What Rhode Island Politicians Have Been Building Toward


Don’t let the fact that Kevin Williamson starts a recent essay looking specifically at Chicago dissuade you from reading it.  His topic is much broader:

The horrifying fact is that Barack Obama can make you a rich man — if you’re the right kind of man. If you operate a politically connected business, the government can direct the better part of $1 billion straight into your coffers ricky-tick, though there might be some blowback if your largest shareholder is dumb enough to tell the local Rotary Club, “There’s never been more money shoved out of the government’s door in world history, and probably never will be again, than in the last few months and in the next 18 months. And our selfish parochial goal is to get as much of it for Tulsa and Oklahoma as we possibly can.” At the other end of the spectrum, a federal tormenter can be the end of your enterprise: Ask those Tea Party groups illegally targeted by Barack Obama’s IRS. Ask a voting-reform advocate who was targeted by the ATF in spite of not being in any business related to A, T, or F.

Private crony companies are only the beginning, and Williamson hardly mentions those who receive government largesse as direct benefit/assistance payments.  He also neglects to nod toward the world of non-profit organizations that orbit government, absorbing taxpayer resources for activities ranging from the truly charitable to the overtly political.

Relevent to the government pensions of two key players in the Dancing Cop saga, Williamson goes on to note “the vast bureaucracies of overpaid functionaries whose main purpose in life is to stand between citizens and their objectives with their hands out saying ‘Pay me!'”  Such employees are a triple boon for government; they, themselves, become bound to the regulatory state as dependents, and they act as the pretense for shuffling gobs of cash to labor unions, which then recycle the money back to politicians and left-wing activist groups, while acting as community organizers for political action.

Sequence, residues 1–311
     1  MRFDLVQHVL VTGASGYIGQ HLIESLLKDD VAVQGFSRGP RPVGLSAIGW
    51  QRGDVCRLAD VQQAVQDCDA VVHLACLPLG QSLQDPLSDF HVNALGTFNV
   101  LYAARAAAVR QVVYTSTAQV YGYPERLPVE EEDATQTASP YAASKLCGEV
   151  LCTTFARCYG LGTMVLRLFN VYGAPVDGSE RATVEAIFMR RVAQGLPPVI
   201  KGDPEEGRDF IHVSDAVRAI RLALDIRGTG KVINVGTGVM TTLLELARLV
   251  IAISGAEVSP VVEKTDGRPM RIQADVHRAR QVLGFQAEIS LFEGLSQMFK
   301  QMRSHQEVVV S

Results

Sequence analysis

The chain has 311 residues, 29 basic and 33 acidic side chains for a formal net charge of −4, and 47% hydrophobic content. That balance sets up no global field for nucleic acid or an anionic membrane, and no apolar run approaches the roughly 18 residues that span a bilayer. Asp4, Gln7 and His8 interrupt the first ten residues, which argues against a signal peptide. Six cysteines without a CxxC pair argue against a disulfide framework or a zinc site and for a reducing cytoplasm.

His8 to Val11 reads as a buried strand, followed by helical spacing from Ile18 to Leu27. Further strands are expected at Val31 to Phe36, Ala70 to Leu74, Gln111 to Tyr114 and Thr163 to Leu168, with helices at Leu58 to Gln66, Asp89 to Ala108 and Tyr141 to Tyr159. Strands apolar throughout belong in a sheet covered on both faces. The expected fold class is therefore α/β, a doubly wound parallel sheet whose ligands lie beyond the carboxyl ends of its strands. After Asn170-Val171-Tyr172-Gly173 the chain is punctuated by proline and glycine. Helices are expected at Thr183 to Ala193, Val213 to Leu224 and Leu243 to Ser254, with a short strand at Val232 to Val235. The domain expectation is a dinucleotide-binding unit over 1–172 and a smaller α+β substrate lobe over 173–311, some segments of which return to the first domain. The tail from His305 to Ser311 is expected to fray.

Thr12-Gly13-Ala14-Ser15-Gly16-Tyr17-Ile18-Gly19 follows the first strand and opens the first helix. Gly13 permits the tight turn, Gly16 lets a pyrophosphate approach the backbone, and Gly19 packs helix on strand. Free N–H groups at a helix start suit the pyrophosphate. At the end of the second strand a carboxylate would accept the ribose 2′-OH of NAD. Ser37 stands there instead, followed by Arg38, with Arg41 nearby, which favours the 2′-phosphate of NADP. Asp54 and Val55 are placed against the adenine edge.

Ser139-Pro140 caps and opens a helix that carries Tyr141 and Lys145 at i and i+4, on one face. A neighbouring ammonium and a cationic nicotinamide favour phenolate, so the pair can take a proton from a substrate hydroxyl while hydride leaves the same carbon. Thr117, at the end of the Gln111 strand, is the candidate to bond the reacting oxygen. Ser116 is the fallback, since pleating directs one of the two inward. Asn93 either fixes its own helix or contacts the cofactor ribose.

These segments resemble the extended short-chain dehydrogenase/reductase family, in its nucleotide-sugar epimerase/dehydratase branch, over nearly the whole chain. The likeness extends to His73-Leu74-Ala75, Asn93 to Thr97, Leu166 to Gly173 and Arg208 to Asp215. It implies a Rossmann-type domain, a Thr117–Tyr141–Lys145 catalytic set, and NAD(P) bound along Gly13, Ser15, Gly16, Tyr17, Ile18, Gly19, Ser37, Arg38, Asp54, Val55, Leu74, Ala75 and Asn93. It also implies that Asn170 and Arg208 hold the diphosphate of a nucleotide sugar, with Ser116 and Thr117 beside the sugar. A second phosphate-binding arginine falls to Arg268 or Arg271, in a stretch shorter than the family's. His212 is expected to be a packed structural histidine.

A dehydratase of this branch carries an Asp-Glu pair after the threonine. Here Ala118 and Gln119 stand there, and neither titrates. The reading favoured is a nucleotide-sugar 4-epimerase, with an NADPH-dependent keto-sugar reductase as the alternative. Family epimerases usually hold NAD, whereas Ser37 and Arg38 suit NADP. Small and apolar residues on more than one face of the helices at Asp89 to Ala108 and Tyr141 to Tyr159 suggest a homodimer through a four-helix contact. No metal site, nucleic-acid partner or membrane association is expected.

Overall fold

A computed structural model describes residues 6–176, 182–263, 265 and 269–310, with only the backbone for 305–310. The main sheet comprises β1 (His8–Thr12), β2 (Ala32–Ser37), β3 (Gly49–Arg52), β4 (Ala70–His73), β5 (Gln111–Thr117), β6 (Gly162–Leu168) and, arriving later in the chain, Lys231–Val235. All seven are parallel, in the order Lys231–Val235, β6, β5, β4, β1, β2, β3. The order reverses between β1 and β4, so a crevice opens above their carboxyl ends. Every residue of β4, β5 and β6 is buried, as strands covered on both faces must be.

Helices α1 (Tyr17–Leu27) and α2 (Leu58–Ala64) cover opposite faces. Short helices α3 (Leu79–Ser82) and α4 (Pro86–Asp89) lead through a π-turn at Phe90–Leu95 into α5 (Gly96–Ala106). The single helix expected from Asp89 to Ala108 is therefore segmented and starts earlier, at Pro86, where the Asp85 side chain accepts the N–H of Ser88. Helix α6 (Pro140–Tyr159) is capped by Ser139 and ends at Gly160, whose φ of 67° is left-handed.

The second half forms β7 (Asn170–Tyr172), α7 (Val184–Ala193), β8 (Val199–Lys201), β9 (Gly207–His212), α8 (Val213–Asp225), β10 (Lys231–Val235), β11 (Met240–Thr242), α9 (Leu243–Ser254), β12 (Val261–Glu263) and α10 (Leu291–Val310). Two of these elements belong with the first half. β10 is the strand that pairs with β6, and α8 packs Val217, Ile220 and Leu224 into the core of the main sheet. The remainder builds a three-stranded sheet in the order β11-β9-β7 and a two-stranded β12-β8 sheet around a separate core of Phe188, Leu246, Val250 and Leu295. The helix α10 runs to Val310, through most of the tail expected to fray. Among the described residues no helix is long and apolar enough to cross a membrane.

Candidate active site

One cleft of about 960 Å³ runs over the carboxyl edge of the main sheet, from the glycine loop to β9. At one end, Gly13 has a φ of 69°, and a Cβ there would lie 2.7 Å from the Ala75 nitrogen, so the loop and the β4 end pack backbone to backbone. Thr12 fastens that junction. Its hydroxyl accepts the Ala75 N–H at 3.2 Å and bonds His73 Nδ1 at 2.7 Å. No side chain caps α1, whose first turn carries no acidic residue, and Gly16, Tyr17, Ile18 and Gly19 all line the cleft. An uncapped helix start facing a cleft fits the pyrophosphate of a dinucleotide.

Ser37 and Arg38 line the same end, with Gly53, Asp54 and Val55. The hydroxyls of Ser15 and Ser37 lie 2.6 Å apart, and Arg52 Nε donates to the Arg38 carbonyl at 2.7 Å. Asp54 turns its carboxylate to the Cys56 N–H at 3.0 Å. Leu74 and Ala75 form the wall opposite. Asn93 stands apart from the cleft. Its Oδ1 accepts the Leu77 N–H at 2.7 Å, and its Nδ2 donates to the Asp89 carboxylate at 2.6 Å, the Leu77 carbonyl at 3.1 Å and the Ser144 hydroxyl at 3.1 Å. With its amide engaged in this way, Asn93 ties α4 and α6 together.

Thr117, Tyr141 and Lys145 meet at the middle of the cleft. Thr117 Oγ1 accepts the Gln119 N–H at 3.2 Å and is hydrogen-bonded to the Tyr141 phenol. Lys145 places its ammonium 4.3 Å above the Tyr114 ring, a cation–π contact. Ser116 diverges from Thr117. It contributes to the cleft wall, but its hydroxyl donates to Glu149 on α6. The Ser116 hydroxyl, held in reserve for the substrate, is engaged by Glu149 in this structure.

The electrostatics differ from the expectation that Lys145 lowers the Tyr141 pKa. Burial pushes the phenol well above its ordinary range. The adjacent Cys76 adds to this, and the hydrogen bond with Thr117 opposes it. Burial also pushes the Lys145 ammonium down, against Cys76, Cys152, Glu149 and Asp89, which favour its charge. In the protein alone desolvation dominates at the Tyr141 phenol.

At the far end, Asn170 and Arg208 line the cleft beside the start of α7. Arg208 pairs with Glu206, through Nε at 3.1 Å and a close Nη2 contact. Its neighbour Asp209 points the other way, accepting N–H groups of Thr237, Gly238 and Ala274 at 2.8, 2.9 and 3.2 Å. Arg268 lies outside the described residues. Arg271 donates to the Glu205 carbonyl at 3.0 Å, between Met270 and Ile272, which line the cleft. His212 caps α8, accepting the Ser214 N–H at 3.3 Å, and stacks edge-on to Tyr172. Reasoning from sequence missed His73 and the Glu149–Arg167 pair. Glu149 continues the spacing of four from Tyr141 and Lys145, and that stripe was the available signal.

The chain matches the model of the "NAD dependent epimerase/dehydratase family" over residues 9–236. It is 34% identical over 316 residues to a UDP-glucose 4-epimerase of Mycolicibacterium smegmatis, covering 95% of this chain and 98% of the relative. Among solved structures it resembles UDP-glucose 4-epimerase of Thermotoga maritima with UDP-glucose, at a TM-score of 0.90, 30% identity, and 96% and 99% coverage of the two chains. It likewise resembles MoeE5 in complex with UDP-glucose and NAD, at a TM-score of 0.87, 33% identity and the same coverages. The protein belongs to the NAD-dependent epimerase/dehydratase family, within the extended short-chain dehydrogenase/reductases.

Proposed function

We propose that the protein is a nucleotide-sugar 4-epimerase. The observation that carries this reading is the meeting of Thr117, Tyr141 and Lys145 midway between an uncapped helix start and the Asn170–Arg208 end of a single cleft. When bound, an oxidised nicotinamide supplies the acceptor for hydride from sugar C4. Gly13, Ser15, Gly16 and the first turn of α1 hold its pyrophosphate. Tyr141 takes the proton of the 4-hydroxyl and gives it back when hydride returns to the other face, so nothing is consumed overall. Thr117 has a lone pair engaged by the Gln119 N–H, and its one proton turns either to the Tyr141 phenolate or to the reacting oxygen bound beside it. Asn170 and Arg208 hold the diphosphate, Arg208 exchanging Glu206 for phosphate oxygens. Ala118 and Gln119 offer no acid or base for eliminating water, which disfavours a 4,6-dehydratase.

However, government employees also act as a corps to harry the public, making sure that edicts are difficult to reorder.  Related to our ongoing conversation about education reform, Williamson suggests that, “if ‘reform’ means that those $107K paydays would get linked to something like (horrible thought!) performance or outcomes, you can bet that the reformers will be dead in the water before they get started. That’s the power of the patron–client model.”

That’s why, to bring things around again, Rhode Island government is entertaining the idea of a total cap on healthcare spending in the state.  It’s why they want things like tolls and gun control.  It’s why they set up quasi-public organizations like the Commerce Corporation and put tens of millions of dollars at their disposal to make sure that those who bring economic development to the state realize they can’t act independently of government.

Unfortunately, somebody, somewhere is paying for all of this (although the cleverest trick is ensuring that they don’t know that they are), and as Tony Lepore, the Dancing Cop, is discovering, this arrangement is all well and good for those who benefit from it only up to the point at which they have a difference of opinion with those in power.  Then they end up as helpless as a Tea Party group applying for tax exempt status.